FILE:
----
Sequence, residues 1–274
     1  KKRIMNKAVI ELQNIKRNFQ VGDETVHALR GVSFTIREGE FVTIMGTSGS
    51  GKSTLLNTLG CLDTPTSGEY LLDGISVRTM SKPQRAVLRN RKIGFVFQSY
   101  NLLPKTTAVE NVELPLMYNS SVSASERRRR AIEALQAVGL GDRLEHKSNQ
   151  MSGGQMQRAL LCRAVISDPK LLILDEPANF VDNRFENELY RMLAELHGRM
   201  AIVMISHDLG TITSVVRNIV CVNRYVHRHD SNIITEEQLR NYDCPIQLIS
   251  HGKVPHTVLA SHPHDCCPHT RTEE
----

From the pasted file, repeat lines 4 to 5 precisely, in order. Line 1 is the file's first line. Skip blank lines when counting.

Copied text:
   101  NLLPKTTAVE NVELPLMYNS SVSASERRRR AIEALQAVGL GDRLEHKSNQ
   151  MSGGQMQRAL LCRAVISDPK LLILDEPANF VDNRFENELY RMLAELHGRM